With each successful experiment, the quantum communications community is seeing its field bend toward greater applicability in today's telecommunications industry. Researchers hope that one day, entangled photons will impact cryptography and secure satellite communications.

"The hard part now is to combine all the advantages of the system and fulfill prerequisites such as high photon indistinguishability, high temperature operation, increased flux and out coupling efficiency that would make them work," Olbrich said.

Explore further: Toward unbreakable encrypted messages

More information: "Polarization-entangled photons from an InGaAs-based quantum dot emitting in the telecom C-band," Applied Physics Letters (2017). DOI: 10.1063/1.4994145

Related Stories

Toward unbreakable encrypted messages

September 13, 2017

Chinese researchers recently announced a landmark advancement: They used a satellite orbiting Earth to beam pairs of quantum-entangled photons to two Tibetan mountaintops more than 700 miles apart. This distance blew the ...

Quantum electronics: Two photons and chips

January 20, 2006

Scientists at Toshiba Research Europe Limited (Cambridge, UK) believe they are on to a way of producing entangled twins of photons using a simple semiconductor electronic device. Such a chip-based source of entangled photons ...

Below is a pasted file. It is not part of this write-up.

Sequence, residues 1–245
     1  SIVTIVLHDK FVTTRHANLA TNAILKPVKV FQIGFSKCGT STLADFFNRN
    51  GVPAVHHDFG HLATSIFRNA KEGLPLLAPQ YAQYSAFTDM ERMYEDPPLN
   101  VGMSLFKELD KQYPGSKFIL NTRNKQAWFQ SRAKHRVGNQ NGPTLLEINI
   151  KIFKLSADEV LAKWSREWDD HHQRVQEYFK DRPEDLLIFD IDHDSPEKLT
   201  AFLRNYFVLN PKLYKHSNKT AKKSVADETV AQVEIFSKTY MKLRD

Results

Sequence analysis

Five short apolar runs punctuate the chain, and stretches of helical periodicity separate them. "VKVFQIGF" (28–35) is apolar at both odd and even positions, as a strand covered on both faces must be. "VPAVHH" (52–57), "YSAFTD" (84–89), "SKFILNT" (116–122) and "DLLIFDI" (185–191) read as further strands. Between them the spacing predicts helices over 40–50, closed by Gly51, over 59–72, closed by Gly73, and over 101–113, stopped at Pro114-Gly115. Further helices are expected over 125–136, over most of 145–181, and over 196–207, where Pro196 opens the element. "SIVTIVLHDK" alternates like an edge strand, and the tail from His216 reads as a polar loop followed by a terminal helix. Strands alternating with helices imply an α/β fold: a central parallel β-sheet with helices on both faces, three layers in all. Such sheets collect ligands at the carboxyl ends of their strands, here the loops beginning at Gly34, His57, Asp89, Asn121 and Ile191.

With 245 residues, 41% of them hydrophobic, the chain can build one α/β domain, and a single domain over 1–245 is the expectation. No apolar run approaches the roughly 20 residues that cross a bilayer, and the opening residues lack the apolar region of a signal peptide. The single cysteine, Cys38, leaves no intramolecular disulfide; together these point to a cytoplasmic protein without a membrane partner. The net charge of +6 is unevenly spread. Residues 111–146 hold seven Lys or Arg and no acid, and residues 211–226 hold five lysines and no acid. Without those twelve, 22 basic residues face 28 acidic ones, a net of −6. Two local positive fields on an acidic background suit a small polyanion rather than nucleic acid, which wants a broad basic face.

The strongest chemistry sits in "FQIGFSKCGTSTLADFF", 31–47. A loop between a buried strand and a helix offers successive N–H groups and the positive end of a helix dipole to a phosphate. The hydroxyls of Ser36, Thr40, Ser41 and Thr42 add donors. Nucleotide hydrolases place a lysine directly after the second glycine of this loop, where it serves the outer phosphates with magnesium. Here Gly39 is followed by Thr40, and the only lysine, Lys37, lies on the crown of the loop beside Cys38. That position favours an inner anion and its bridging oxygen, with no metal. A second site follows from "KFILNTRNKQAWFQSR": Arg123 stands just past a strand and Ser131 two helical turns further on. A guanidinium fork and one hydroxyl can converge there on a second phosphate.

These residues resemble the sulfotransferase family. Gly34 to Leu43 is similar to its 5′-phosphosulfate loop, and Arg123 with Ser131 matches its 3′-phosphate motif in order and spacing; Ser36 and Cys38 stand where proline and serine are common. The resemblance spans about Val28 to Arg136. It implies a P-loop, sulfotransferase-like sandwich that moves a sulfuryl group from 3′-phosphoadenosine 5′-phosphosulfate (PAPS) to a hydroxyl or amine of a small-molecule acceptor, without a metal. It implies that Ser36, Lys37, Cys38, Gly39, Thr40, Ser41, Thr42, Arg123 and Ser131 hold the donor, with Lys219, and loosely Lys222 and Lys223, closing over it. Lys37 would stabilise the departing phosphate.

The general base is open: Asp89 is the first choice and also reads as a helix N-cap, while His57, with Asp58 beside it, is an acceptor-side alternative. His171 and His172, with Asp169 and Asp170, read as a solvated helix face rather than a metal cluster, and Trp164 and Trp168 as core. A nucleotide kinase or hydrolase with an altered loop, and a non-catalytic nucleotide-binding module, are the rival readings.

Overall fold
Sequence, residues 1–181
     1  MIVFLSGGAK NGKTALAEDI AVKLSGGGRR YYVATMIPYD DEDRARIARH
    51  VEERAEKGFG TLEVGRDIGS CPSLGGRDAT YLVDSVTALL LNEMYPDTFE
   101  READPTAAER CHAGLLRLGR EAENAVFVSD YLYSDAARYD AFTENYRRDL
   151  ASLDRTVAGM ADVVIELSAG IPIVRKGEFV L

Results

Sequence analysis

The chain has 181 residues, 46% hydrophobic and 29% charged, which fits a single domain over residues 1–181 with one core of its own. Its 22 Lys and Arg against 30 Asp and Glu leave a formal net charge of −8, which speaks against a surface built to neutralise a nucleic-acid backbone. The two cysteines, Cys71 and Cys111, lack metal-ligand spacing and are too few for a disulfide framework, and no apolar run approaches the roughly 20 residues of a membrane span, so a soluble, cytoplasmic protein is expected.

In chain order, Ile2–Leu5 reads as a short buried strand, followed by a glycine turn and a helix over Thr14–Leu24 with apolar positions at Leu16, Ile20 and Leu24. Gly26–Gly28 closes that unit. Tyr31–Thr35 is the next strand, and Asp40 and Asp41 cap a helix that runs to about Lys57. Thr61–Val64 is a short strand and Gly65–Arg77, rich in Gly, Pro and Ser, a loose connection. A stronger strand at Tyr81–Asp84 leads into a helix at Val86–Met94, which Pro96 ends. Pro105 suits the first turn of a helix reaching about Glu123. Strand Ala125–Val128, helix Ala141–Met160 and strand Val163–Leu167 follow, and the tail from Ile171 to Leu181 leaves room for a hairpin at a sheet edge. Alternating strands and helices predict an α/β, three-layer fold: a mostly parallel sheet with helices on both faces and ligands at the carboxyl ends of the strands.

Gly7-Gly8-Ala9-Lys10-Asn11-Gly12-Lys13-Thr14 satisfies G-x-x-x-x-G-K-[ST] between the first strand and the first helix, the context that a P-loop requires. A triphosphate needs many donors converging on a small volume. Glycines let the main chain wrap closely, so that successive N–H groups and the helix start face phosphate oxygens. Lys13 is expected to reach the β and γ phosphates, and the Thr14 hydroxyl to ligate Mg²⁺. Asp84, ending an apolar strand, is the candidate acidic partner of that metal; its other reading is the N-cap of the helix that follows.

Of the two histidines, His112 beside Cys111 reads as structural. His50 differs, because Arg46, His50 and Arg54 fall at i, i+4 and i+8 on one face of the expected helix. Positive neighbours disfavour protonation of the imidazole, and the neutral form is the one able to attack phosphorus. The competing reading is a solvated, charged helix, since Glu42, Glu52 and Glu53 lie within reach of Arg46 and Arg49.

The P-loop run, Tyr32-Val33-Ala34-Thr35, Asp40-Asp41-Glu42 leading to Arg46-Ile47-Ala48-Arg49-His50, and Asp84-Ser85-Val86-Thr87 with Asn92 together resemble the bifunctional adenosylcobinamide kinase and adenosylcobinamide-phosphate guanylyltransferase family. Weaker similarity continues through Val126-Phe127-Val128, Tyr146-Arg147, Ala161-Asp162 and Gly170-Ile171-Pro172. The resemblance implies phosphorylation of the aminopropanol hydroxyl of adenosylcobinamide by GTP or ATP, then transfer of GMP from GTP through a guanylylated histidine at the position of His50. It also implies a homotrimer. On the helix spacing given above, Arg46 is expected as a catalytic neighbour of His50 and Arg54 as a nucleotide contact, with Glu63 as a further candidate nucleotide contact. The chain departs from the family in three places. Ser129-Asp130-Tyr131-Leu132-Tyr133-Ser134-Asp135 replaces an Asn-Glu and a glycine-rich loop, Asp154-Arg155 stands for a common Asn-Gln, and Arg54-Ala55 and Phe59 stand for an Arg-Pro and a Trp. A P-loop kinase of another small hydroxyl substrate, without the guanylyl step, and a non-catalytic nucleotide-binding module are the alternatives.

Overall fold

Researchers develop ideal single-photon source

September 7, 2015

With the help of a semiconductor quantum dot, physicists at the University of Basel have developed a new type of light source that emits single photons. For the first time, the researchers have managed to create a stream ...

New technique for creation of entangled photon states

February 15, 2017

Members of the Faculty of Physics at the Lomonosov Moscow State University have elaborated a new technique for creating entangled photon states. They have described their research in an article published in the journal Physical ...

Recommended for you

How the Earth stops high-energy neutrinos in their tracks

November 22, 2017

Neutrinos are abundant subatomic particles that are famous for passing through anything and everything, only very rarely interacting with matter. About 100 trillion neutrinos pass through your body every second. Now, scientists ...

Quantum internet goes hybrid

November 22, 2017

In a recent study published in Nature, ICFO researchers led by ICREA Prof. Hugues de Riedmatten report an elementary "hybrid" quantum network link and demonstrate photonic quantum communication between two distinct quantum ...

Enhancing the quantum sensing capabilities of diamond

November 22, 2017

Researchers have discovered that dense ensembles of quantum spins can be created in diamond with high resolution using an electron microscopes, paving the way for enhanced sensors and resources for quantum technologies.

0 comments

Please sign in to add a comment. Registration is free, and takes less than a minute. Read more

Click here to reset your password.
Sign in to get notified via email when new comments are made.